As the next census takes place on Sunday 21 March 2021, we are bringing together research tips and information about historic census returns. The census returns are a fantastic resource. You can learn more about individuals as part of your family history, check former inhabitants of your house or build up a picture of the local area by looking at ages and occupations and how they changed over time.
The first full census – or count – of households in England and Wales was taken in 1801. This was partly to look at whether the population was rising and also to gauge manpower resources for the Napoleonic wars. The early census returns, taken every 10 years between 1801 and 1831, were essentially headcounts although sometimes more detail has survived. For more information on these early census returns in Shropshire and tips on how to view online images, visit our blog posts:
From 1841 the census was taken every 10 years and returns contain an ever increasing amount of detail on individuals. This formed part of a whole raft of measures to count and classify the population, including the civil registration of births, deaths and marriages and Poor Law Amendment Act. From the census you can find out ages, marital status, occupations and (crucially for family history) places of birth.
There are a few things to be aware of, for example the 1841 census rounds down ages for adults to the nearest 5. So someone aged 24 could be shown as 20 – and sometimes those over 60 were rounded down to the nearest 10. In later years the census returns became more accurate although people were sometimes hazy about their exact birth place or own age. Remember also that the census is a record of people on census night. You might find an someone away from home visiting relatives or working elsewhere. The National Archives has a good guide to the census returns and the dates of each census night.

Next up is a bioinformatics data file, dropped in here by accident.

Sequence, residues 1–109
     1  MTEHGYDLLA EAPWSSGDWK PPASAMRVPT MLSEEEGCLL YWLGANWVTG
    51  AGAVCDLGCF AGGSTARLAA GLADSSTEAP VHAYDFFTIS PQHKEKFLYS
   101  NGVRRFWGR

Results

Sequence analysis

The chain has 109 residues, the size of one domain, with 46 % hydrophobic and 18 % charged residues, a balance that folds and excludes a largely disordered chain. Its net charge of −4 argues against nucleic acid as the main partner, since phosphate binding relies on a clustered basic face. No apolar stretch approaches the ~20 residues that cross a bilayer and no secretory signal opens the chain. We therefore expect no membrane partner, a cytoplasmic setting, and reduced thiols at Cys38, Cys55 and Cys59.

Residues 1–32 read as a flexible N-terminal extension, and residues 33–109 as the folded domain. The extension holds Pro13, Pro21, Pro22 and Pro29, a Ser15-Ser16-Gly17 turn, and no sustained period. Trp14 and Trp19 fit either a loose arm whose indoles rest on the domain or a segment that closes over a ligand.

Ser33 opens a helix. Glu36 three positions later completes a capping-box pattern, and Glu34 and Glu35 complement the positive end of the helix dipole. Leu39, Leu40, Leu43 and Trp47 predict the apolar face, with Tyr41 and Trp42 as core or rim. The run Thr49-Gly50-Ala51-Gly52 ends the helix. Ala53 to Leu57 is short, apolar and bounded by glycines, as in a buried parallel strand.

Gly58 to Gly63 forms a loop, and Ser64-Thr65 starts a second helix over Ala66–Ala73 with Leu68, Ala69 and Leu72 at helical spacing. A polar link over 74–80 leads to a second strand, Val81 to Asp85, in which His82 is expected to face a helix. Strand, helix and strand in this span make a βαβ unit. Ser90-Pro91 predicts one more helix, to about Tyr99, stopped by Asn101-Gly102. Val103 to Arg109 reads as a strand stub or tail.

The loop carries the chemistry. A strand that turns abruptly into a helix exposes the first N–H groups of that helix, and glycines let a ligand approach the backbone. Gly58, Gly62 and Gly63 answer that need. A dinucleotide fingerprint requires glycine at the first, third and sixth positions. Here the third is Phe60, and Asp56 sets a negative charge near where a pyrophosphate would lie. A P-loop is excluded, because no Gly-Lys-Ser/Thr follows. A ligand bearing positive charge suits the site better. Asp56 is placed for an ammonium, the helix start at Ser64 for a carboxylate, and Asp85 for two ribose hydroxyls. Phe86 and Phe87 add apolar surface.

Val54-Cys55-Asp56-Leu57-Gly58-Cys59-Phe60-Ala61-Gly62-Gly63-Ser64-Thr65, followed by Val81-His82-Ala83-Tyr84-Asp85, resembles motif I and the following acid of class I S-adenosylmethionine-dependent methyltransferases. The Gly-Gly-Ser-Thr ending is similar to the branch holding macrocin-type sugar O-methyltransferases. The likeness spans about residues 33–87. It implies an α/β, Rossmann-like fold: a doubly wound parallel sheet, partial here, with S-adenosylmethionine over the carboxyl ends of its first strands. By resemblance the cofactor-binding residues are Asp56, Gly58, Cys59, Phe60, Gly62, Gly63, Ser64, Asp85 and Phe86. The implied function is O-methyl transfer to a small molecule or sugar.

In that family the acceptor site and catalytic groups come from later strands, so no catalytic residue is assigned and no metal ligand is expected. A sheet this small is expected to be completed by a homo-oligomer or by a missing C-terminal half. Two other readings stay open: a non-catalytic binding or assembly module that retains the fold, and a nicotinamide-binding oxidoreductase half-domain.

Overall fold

Due to the personal data, full census returns are not accessible for 100 years. This is reassuring when you come to think about filling in your own details this year. The 1921 census returns will be released next year.
For more information on census returns 1841-1911 visit our pages:
- census returns – a summary of how to find census returns (full returns and more recent statistical information)
- printable short guides – our guide to key dates and information
- research tips – for accessing census returns from home for family and house history.
During census month
During March 2021 we will be adding highlighting different aspects of the census from the ‘surplus woman’ question to finding individuals in unusual places. Blog posts will be brought together here:
Other online census resources
A number of local and national organisations and individuals are demonstrating how the census can be used. The Flaxmill Maltings has begun an excellent series of Facebook posts and tweets showing how they’ve extracted data from the census to build up a picture of workers at the mill.
Professor David Olusoga’s YouTube live lesson looks at how the equality, representation and the census.
If you’ve come across other resources, or would like to let us know how you’ve used the census in your own research, do let us know in the comments.